Neighbors help neighbors after Katrina


MDS provides volunteer, Rotary Club the funds to rebuild homes

By Susan Kim

In “The Pass,” when someone needs help, you help them. For Roseta Daniels, that means caring for her parents, working from 6 a.m. to 2 p.m. as a baker at a nearby casino and opening her home to her brother, sister-in-law and son.

Daniels is a mother, daughter, sister, Hurricane Katrina survivor. Volunteers from Mennonite Disaster Service (MDS) who worked in Pass Christian, Mississippi — they called this town “The Pass,” like its residents do — will remember Daniels as the lady who cooked jambalaya for them long after they finished building her house.

Her father has just been diagnosed with Alzheimers. Her mother got a pacemaker. Her brother underwent surgery for colon cancer this week. She hasn’t gotten a raise in nine years at the same job. What does “recover” mean? When does life get, well, easier?

“I feel like, some good, it’s going to come,” says Daniels. “I believe in God. He wouldn’t send me through this for nothing.”

For Daniels, the island that holds her family together is her house, built by MDS volunteers in 2006 after hers was destroyed by Katrina. Sitting on the front porch, Daniels looks across the street at her parents' house: “My mom is sitting over there crocheting right now.”

Her 21-year-old son, a graduate of the NASCAR Technical Institute in Mooresville, NC, got several job offers in North Carolina but returned to The Pass, where he works for a local car repair shop. He moved back into the house. When Daniels’ brother and sister-in-law had some hard times and needed a place to live, they moved in, too.

“I wouldn’t have a home if it hadn’t been for the Mennonites,” said Daniels, a home that has its door open to her family. “You have to be nice,” she said. “Because you never know when you’ll need somebody. I can’t forget the people that helped me.”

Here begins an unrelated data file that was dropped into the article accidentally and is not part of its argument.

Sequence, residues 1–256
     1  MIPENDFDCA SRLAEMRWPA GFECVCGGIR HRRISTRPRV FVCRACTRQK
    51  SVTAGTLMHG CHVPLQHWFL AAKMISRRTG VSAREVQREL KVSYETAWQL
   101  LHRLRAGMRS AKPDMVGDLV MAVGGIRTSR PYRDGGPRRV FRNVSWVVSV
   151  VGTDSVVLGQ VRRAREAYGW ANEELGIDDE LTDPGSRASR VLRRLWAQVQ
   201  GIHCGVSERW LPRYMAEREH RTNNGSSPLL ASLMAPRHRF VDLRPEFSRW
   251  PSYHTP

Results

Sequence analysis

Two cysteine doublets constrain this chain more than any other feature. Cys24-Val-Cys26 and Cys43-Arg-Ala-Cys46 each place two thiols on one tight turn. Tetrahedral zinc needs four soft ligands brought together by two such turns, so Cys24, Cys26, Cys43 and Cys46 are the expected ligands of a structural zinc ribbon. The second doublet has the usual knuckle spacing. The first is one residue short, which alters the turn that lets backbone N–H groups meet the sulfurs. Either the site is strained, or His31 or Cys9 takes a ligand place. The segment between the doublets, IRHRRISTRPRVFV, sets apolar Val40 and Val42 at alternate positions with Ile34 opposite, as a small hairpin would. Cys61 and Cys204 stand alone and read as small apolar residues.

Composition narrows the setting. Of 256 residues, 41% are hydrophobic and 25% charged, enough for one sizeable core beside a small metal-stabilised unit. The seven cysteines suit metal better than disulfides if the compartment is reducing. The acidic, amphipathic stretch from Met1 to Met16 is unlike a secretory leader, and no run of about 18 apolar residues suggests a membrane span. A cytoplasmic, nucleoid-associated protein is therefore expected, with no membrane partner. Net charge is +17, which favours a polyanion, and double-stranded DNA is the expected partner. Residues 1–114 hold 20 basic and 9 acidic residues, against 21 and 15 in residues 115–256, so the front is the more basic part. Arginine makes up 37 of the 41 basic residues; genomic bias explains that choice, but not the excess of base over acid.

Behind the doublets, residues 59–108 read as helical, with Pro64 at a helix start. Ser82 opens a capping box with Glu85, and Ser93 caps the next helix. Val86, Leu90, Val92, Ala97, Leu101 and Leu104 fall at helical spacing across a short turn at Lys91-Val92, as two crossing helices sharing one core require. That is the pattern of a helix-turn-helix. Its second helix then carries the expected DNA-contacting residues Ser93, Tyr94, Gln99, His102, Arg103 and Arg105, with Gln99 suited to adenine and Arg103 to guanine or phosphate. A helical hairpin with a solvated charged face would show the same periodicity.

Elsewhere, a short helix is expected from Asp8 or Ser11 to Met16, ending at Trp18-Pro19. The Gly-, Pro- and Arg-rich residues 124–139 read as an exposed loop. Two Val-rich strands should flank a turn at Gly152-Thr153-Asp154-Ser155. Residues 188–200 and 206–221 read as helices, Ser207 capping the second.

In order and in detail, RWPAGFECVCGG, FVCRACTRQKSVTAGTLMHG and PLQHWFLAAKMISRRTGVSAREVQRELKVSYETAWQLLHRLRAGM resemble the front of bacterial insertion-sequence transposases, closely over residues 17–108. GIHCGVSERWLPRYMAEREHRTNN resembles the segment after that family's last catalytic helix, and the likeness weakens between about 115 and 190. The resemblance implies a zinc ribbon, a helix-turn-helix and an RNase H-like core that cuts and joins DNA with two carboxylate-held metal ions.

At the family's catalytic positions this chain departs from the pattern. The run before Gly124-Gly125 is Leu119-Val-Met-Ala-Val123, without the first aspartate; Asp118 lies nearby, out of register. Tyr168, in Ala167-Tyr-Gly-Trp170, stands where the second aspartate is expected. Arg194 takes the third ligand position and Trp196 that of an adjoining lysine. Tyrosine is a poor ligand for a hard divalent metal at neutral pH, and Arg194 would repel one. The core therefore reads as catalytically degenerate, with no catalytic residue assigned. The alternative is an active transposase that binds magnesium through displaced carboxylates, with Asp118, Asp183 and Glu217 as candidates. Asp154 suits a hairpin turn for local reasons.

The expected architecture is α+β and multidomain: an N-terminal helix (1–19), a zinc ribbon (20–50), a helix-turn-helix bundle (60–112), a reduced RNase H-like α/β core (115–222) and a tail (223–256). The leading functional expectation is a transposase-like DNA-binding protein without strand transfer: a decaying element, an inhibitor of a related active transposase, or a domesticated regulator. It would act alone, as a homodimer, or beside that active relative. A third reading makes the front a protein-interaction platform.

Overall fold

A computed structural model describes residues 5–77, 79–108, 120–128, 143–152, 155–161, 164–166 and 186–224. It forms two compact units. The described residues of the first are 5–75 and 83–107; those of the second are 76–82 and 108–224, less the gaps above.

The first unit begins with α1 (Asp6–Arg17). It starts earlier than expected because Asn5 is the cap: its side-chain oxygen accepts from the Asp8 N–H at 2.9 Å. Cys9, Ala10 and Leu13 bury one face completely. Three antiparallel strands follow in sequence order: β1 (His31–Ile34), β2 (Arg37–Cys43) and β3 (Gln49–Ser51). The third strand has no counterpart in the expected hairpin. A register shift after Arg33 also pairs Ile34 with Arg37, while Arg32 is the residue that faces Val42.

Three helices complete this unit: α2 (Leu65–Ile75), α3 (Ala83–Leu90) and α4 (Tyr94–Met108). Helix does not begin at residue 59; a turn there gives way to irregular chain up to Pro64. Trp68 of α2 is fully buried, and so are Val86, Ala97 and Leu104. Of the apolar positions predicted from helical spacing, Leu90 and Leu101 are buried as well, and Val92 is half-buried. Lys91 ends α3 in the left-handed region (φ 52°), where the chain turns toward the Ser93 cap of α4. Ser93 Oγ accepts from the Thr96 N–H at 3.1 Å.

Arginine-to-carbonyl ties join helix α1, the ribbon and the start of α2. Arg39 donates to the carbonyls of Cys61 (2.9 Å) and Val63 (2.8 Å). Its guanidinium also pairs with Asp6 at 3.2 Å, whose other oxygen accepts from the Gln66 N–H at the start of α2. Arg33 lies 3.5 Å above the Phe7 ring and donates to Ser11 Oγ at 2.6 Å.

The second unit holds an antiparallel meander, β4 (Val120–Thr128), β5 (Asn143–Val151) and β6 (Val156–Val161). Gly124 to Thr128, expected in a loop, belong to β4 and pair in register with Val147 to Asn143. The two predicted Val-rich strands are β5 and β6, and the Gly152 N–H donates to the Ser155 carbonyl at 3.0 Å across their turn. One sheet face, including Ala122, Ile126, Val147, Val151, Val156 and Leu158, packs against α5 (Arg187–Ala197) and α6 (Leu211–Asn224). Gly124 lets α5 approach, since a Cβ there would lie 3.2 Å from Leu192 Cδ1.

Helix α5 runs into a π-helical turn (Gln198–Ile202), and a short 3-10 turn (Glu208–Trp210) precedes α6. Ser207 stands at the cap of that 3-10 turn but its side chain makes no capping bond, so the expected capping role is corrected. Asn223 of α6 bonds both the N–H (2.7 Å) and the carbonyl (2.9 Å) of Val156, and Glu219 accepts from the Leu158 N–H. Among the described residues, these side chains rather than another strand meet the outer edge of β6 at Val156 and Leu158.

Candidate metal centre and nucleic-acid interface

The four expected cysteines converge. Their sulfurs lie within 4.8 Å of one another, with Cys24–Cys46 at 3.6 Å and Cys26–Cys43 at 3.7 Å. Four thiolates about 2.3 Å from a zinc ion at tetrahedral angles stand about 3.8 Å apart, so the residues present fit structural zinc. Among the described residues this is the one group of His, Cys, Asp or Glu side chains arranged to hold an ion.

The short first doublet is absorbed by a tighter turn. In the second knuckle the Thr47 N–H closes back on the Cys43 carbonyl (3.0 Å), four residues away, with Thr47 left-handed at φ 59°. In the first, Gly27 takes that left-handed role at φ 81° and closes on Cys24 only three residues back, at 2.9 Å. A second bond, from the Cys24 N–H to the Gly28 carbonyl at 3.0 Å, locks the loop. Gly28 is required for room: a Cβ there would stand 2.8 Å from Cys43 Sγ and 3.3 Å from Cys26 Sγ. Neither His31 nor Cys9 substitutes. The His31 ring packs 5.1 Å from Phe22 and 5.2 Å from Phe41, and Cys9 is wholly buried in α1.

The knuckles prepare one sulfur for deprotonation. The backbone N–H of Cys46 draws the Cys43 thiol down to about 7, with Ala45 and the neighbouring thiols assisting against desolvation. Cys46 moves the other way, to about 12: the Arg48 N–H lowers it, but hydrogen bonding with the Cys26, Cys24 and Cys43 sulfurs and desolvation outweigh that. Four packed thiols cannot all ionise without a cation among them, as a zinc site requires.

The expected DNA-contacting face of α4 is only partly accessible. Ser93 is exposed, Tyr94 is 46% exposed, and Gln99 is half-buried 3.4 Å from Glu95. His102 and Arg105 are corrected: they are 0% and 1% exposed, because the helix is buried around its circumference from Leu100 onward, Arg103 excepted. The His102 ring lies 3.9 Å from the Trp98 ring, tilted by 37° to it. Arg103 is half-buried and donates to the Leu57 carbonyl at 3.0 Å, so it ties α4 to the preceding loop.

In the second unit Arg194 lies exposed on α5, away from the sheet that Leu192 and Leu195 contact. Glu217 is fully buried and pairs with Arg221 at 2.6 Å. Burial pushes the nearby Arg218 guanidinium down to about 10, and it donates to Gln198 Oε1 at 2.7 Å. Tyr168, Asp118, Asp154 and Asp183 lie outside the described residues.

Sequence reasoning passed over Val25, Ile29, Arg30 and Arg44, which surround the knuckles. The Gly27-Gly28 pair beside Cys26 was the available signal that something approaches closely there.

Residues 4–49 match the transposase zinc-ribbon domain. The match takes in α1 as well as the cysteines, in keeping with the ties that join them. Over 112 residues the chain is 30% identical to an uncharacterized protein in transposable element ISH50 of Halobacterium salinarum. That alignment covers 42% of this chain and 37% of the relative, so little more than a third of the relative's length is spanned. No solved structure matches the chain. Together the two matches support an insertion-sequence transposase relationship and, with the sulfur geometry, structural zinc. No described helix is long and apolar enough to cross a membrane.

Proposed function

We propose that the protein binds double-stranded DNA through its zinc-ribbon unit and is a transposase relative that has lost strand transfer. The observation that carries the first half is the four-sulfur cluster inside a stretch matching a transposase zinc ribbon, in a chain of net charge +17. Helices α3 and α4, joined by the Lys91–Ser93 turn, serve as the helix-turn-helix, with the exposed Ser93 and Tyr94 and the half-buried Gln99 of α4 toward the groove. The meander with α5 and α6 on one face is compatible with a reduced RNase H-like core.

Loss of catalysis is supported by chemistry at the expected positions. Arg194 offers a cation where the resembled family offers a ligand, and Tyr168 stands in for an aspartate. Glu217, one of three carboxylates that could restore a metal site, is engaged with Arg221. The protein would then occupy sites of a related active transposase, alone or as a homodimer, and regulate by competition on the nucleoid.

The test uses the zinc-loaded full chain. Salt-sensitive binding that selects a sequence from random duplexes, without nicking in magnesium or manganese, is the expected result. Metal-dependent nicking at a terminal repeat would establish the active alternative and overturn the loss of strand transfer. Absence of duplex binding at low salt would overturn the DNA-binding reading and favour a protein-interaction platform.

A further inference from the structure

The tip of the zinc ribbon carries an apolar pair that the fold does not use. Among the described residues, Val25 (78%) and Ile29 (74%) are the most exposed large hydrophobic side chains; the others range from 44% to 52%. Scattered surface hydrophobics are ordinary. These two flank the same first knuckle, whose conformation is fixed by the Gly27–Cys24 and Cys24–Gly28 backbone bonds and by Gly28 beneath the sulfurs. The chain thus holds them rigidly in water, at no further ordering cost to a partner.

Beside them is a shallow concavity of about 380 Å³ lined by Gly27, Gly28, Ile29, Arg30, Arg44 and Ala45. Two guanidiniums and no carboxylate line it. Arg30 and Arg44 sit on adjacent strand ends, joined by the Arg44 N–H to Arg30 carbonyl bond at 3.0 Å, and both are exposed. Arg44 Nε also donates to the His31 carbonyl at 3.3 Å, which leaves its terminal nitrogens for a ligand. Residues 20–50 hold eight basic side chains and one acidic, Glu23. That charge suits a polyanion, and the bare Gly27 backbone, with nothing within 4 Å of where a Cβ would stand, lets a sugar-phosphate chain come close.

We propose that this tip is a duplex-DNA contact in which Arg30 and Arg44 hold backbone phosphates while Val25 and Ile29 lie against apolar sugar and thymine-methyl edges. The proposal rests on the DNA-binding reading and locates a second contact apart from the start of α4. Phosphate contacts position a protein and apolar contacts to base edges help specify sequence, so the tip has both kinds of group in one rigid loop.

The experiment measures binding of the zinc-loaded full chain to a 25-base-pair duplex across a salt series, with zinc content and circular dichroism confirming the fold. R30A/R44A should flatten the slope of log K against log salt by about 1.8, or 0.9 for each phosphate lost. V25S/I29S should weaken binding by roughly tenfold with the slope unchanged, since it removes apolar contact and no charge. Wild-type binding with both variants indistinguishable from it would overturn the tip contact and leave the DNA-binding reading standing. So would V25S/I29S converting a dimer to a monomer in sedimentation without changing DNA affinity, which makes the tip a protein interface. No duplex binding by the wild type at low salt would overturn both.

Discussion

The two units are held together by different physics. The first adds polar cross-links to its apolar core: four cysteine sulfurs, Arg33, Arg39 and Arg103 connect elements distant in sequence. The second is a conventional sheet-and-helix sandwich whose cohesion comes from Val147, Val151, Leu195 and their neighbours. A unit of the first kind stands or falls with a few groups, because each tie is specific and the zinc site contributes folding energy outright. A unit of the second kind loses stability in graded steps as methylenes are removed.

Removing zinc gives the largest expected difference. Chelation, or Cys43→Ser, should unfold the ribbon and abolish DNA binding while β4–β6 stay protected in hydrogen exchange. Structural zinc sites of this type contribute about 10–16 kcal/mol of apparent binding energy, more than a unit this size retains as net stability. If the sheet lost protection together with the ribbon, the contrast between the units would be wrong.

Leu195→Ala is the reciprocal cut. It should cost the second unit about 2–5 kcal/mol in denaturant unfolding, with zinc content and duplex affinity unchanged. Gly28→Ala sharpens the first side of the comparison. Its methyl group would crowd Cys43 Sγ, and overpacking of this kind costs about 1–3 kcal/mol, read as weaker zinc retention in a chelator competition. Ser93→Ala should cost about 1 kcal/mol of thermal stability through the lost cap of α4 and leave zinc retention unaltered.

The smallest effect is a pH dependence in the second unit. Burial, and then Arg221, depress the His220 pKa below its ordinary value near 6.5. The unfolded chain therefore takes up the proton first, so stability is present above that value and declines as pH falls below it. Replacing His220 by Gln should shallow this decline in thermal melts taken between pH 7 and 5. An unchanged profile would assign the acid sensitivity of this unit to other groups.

MDS builds with funds raised by Illinois Rotary Club

Daniels’ home was one of 20 homes MDS built with funds from the Rotary Club of Naperville, Ill., one of 34,000 Rotary clubs worldwide. Dr. Dwight Herschell Short — known as “D.H.” Short in The Pass — was president of the Pass Christian Rotary Club at the time Katrina struck. In the storm’s wake, he visited 150 Rotary clubs in 15 states and two countries at his own expense on behalf of the unmet needs of his community.

In the process he gathered one million dollars for building homes in The Pass, particularly homes for the African-American community.

He passed away in 2008, but Daniels and other residents still remember his spirit of caring — because in The Pass, that’s how people are.

A few streets over, Arthur “Billie” Morgan is working in his yard. His house was also built with Naperville Rotary funds and the labor of MDS volunteers. It’s a 90-degree, humid day in soupy southern Mississippi, and Morgan stops, sweating through his MDS T-shirt, to watch the hummingbirds in his yard.

“Ten years ago, somebody donated that tree right there,” he said, standing in its shade. In another tree, pieces of a life jacket are hanging, left over from Katrina like so many reminders — wanted or not — in The Pass.

Morgan is the president of the Gulf Coast District of the Missionary Baptist Church Laymen. He is dedicated to the work of his church, but he also regards the Mennonites as his adopted “church family.” His house is full of MDS newsletters, as well as cards and letters from the volunteers who helped him and stayed in touch. He is invited to weddings, hosts former volunteers for visits, and answers phone calls from people who just want to hear how he’s doing.

He is standing in his kitchen, talking about what he managed to salvage from Katrina, when there’s a knock at the door. It’s a neighbor, soaked with sweat, who has walked a long way because his car is broken down and he needs a tow. He knows Morgan can help him, and Morgan heads down the front steps.

But before he can go, another neighbor rushes across the street, also asking for his help. She thinks there is a nest of bees at her house. He says a quick goodbye and off he goes. Because in The Pass, that’s what you do.


Photos by Mark Beach for MDS        

The MDS volunteers who rebuilt Roseta Daniels’ home remember her home-cooked jambalaya. Daniels stands on the porch of her home that MDS built.

Jerry Klassen, MDS disaster recover coordinator, and homeowner Arthur “Billie” Morgan says Mennonites are his adopted church family.




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